"For instance, don't expect to top the class just because you studied really hard, or get disappointed when you don't. In fact, according to the Gita, performing an action (studying) because you want a certain result (to come first) is completely flawed action; the right way is to study simple because that is your work, your duty as a student. ...
The trick, really, is:
1. To never perform you action with an eye on their results...
2. To never neglect your duty...
3. To treat your work as your sacred duty..."
The examples used are such that children will relate to, and explained without rushing through, or into. I expect children reading, and nodding their heads as (hopefully) the import of the message sinks in.
Similarly, there are examples that children and young adults will relate to when she talks of the importance of discipline in the context of karma-yoga. In-between these in-betweens, she also manages to inject some food for thought for children (and hopefully, adults alike). Like, the concept of 10 avatars, and how the order of these avatars "actually holds the secret to the evolution of man."
Or when talking about seasons, she brings up a very interesting point, that "The Indian New Year is not 1 January, when everything is cold and asleep and dead, but somewhere between end-March and early April, at the beginning of spring, when the sun has chased away the last of the winter chill and new life is bursting out of everywhere. In other words, at a far more logical time to celebrate new beginnings than 1 January."
Pages from Roopa Pai's book
If one had to go digging for quibbles - and I can be quite a fastidious digger - then well, yes, at least one reviewer took offence at the "flippant" tone. I am not sure I would call the tone flippant, because the matter is covered with requisite seriousness. Second, you cannot adopt the dry tone of an academic tome and still expect children to be attracted to the book - it simply does not work that way. Some of the dialogue between Partha and Keshava is certainly presented in some instances as light banter, but much of the special bond of friendship between Nara and Narayana comes through nonetheless. What I would however call out as quite unnecessary is her succumbing to the occasional temptation to secularize the text! I will leave it as an exercise to the reader to spot those few instances!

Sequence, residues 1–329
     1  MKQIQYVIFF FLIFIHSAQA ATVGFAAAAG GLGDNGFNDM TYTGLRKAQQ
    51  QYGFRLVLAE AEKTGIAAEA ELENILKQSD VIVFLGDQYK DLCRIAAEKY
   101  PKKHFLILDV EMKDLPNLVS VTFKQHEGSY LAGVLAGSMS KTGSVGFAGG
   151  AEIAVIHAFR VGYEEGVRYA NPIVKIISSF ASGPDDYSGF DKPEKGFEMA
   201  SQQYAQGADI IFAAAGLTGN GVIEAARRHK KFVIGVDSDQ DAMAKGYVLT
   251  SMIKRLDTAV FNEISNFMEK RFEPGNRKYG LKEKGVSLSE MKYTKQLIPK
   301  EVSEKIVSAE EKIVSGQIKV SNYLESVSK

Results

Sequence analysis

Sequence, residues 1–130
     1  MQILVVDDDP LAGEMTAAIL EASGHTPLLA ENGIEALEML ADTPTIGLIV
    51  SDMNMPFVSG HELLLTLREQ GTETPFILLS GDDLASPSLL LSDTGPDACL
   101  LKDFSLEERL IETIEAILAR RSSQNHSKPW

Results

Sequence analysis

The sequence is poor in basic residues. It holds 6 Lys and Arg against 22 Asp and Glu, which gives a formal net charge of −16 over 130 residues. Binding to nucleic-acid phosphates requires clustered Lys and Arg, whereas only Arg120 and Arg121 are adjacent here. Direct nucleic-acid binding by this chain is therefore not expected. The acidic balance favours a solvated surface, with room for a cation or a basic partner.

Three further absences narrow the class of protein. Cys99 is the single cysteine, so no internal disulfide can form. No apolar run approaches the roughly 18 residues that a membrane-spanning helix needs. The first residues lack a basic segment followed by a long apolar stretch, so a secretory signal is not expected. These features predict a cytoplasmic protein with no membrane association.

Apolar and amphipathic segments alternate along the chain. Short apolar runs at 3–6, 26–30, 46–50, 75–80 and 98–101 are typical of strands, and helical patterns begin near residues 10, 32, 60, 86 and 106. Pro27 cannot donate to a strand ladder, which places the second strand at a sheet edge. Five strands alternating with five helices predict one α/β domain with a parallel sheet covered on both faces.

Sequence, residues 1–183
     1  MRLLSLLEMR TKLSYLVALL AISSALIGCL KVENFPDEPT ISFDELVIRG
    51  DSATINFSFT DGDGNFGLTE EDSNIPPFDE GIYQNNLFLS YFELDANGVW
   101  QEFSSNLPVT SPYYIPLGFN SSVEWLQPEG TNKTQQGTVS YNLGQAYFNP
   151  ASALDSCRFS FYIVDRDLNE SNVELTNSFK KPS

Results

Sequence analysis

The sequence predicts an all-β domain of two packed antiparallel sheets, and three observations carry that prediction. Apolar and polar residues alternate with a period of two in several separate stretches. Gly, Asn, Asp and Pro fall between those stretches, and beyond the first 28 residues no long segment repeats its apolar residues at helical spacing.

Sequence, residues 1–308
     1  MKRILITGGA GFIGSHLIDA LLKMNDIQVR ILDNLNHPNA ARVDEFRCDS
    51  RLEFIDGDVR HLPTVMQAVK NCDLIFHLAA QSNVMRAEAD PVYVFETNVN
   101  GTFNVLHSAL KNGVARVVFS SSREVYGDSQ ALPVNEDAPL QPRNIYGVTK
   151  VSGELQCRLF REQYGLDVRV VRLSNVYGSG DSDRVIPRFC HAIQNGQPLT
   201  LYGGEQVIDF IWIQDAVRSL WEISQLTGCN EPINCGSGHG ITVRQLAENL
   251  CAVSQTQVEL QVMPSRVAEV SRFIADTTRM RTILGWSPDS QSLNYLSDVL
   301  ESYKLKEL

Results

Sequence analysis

Actually, an important question would, or should be: if this is a book for children, how can I -an adult, a middle-aged adult at at that - sit in judgment on the book's success or failure? Valid point, and this is my response.
First, I read the book, alone, on my own. Second, after having read the book - and liked it - I started reading it out to my children. It helped that they had a better than average knowledge of the Mahabharata; I didn't have to explain the context of the Gita, nor the characters, nor the ending, and so on. Having read half the book to them, I can say, judging from their responses and interest, that the book meets the expectations of its intended audience.
Therefore, parents - go forth and share this book with your children. Read it - with them, to them, without them - any which way. You cannot go wrong with the Gita! A lifetime may not be enough to appreciate fully the Gita, but the sooner one starts, the better!
(Roopa Pai is also a children's writer, and wrote the eight-book series, "Taranauts", so she knows a thing or two about writing for children!)
Disclosure: This review is based on a gift copy of the book.